Once a big underdog, Nevada is shortening the odds in its battle against the NCAA’s proposed college betting ban. If the books were posting a line today, it would be even money.
Working both sides of the aisle, Senators John Ensign and Harry Reid say they’ve virtually blocked Sen. John McCain, the ban’s sponsor, from attaching his bill to an education bill.
"There’s an overwhelming response from both parties that it doesn’t belong in the education bill," Ensign said through a spokeswoman.
Amid the industry’s counter-punching, Reid now rates McCain’s chances for success in the Senate at only about "50-50." Indeed, observers see the NCAA drive going in reverse.
With time running out before the summer recess, McCain and the NCAA appear to be in worse shape than they were last year. Earlier this month, Ensign almost toppled McCain in his own committee with an amendment preserving the authority of Nevada sports books to accept college sports wagers. The motion failed on a 10-10 vote. Last year, the tally was 17-4 in McCain’s favor.
The tightening margin reflects the Silver State delegation’s success in peeling off McCain’s support. Sen. Orrin Hatch, a Utah Republican who is no friend of gambling, announced earlier this year that he would support a Nevada-sponsored alternative that calls for a national study of illegal gambling. Senate Majority Leader Trent Lott, R-Miss., who schedules floor votes, was one of the 10 senators who supported Ensign’s amendment. Sen. Edward Kennedy, D-Mass., is also opposed to McCain’s gambit on the education bill.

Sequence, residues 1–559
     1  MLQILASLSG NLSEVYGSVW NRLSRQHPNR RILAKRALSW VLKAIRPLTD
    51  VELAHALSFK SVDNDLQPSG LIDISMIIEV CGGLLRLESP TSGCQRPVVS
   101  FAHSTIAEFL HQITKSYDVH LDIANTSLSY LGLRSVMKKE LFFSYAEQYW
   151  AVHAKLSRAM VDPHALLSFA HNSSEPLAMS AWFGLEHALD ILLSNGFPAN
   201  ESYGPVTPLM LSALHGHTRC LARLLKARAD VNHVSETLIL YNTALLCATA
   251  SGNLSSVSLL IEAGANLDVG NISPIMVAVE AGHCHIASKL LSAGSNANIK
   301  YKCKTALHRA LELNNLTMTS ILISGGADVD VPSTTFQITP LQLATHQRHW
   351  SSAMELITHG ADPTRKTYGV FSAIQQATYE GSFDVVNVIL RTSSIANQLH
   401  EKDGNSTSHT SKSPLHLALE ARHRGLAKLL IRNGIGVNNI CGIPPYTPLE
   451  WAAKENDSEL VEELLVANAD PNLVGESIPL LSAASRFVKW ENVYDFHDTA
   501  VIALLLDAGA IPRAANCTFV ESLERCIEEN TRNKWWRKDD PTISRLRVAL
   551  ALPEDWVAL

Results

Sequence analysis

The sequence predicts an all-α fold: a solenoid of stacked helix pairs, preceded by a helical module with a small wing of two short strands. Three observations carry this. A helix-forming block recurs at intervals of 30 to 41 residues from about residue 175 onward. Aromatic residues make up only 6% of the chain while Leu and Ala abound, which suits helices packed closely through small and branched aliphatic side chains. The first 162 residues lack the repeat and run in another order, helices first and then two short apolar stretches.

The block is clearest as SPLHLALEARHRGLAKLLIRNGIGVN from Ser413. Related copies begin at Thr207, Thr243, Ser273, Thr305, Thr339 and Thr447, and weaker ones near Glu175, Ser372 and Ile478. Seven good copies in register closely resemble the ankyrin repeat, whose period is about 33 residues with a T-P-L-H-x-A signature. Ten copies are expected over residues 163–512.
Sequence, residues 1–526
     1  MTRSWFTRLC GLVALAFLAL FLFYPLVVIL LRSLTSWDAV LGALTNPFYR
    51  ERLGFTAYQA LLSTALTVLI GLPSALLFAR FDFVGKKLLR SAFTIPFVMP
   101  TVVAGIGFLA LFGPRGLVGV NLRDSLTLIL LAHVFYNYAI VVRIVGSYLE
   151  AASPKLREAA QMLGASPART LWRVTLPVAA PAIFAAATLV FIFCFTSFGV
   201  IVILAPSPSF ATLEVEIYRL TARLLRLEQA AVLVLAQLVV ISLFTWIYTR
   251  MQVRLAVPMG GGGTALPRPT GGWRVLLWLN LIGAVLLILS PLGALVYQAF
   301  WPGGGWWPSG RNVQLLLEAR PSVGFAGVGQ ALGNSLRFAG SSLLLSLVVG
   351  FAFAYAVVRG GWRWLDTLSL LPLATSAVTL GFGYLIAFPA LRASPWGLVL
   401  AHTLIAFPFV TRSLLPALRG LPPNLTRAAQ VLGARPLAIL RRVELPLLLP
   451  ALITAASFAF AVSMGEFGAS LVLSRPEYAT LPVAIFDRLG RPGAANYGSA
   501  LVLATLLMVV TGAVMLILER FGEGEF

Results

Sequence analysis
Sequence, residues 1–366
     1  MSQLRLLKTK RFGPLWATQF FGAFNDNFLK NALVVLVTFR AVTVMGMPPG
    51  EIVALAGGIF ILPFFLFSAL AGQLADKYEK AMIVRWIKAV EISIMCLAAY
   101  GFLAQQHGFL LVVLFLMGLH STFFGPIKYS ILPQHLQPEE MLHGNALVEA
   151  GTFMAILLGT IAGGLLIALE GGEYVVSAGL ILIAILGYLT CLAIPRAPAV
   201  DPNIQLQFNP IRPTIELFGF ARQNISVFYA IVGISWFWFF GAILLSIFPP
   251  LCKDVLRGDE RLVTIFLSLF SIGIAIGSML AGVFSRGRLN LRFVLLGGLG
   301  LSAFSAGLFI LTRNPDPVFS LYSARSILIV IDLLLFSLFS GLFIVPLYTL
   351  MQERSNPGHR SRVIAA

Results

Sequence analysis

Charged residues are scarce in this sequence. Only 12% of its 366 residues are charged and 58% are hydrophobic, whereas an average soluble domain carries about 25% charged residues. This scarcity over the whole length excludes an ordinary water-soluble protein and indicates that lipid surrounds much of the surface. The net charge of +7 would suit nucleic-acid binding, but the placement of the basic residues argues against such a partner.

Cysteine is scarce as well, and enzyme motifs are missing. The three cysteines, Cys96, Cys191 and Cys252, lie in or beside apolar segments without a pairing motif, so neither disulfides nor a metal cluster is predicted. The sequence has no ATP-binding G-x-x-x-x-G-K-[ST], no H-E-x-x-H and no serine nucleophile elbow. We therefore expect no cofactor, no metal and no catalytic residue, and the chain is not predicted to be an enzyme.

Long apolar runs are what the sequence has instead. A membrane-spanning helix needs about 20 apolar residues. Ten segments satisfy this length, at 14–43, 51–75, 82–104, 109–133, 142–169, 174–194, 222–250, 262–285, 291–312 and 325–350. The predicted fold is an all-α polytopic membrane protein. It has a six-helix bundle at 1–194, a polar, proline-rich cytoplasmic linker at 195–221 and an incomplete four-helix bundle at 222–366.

The outlook is even rosier in the House, where members tend to view McCain with a mixture of suspicion and jealousy. Rep. Shelley Berkley has been busily wooing colleagues to Las Vegas for tours of sports books. A number of junketeers, including Rep. John Conyers, a ranking Michigan Democrat and frequent critic of gambling, flipped their votes in favor of Nevada. On the Republican side, Rep. Tom Davis, chairman of the Republican Campaign Congressional Committee, pledged to prevent the betting ban from getting to a floor vote.
"They’ll jam us in the Senate and hope for leadership in the House," predicts Mike Sloan, Mandalay Resorts’ vice president for government affairs. Sloan says both parties’ interest in winning Nevada’s new third congressional seat works to the state’s advantage.
"We’re playing both sides. It’s a time-tested strategy," he says.
But McCain, a long-time Vegas bettor with burning presidential ambition, isn’t folding, and he has a powerful ally in the NCAA, which has rounded up support from big-name coaches, including Gene Keady, Roy Williams, Lou Holtz and Tom Osbourne, now a Republican congressman from Nebraska.
Feeling defensive, state regulators recently considered slapping a $550 limit on college sports bets. But that was quickly quashed amid concerns it would be tantamount to admitting guilt or defeat.
In 2000, $2.3 billion was wagered in Nevada sports books, with casinos retaining $124 million, or about 5.33 percent. Total casino revenues totaled $9.6 billion last year.
Gamers have responded by accusing the NCAA of exploiting collegiate athletes with its multibillion-dollar television contracts. MGM Mirage President Terri Lanni went on to label the association’s regulations "dictatorial."
Sloan marvels at what he calls McCain’s "hypocrisy."
"It’s ironic. The guy came out here for years. He says he’s concerned about 18-year-olds being victimized, but he has no problem approving Indian casinos where 18-year-olds can bet."
In its states’ rights fight, Nevada may have gotten a boost from the NCAA itself last month. The association’s executive committee, in a demonstration of political correctness, ruled that Mississippi could not host future championship tournaments because residents voted to retain the Confederate emblem on their state flag. Senate leader Lott, hailing from Mississippi, may not cotton to such blackballing.
The NCAA effort suffered another blow this month when Doris Dixon, the point person in its legislative campaign, abruptly resigned after the 10-10 vote.
The NCAA did not respond to inquiries about her successor.